I personally think it is putting a lot of faith in the Google brand to think it'll make a significant dent in these numbers.
Thursday, August 25, 2005 4:21:10 AM (GMT Daylight Time, UTC+01:00)
That's pretty much what I mean. Novices use AIM or MSN or whatever their friends use. It's only power users that try to stray outside the "walls" with multi-network clients.

I don't know that Google will win or lose. I do think that if Google does win, it'll be on the name.
Steve Burnap
Thursday, August 25, 2005 8:24:24 AM (GMT Daylight Time, UTC+01:00)
I don't know whether Google is going to win or loose this IM War. But one thing is sure, they have started yet another product war (IM in this case) and since the completion is going to be very high and lot of big names are going to get affected (like MSN, Yahoo, AOL) the end users are going to be the real winners.

The thing which happened to Email is going to happen to IM also and I am sure lot of new and innovative features are on the way as these big giants clash for market share.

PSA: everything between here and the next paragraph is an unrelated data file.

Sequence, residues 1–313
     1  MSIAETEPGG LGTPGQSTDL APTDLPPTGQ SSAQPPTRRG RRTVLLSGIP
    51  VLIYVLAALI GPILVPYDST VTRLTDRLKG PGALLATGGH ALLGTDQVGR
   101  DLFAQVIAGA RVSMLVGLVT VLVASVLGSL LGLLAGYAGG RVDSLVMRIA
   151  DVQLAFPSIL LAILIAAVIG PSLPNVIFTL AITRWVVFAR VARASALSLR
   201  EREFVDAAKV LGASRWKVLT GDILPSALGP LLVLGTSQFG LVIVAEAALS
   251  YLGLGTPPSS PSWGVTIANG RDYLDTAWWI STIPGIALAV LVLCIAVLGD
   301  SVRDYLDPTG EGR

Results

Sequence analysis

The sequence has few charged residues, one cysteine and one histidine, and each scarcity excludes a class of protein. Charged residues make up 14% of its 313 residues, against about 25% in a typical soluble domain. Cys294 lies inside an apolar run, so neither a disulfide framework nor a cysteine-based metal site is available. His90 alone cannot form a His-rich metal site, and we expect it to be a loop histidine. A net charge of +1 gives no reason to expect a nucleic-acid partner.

Hope IM becomes open like email soon.

Thursday, August 25, 2005 10:18:35 AM (GMT Daylight Time, UTC+01:00)
Isn't it smart to be disruptive?
Thursday, August 25, 2005 5:15:06 PM (GMT Daylight Time, UTC+01:00)
Being disruptive is smart if it strengthens your position or destabilizes your competitions position enough for you to take advantage of it. If not, you are wasting resources and perhaps even poisoning the well for everyone. One example of a company that is disruptive yet doesn't seem to benefit as much as it could from it is Sun Microsystems.
Thursday, August 25, 2005 10:11:35 PM (GMT Daylight Time, UTC+01:00)
Given that Google's IM market share is (or at least was a week ago) 0%, they don't have much to lose by being disruptive. Given the nature of the client, I doubt they're using much in the way of resources.
ucblockhead
Saturday, August 27, 2005 11:09:44 AM (GMT Daylight Time, UTC+01:00)
I remember back when MSN introduced Messenger. There was this talk about interoperatbilty and Microsoft was all for it. 5 years later we still cannot communicate with our friends using Y!, MSN, AIM nor ICQ. I guess Microsoft and the other realized that there was more to gain in keeping the tie-ins instead?

I really hope Google will get more people over to the open IM networks and Y!, MSN AIM and ICQ will be like CompuServe was to email.

Btw, my MSN has this bug that from time to time it shakes like there is an earthquake. And the background image is for some reason changing. If I wanted a game as a chat client I would use Ultime Online :-)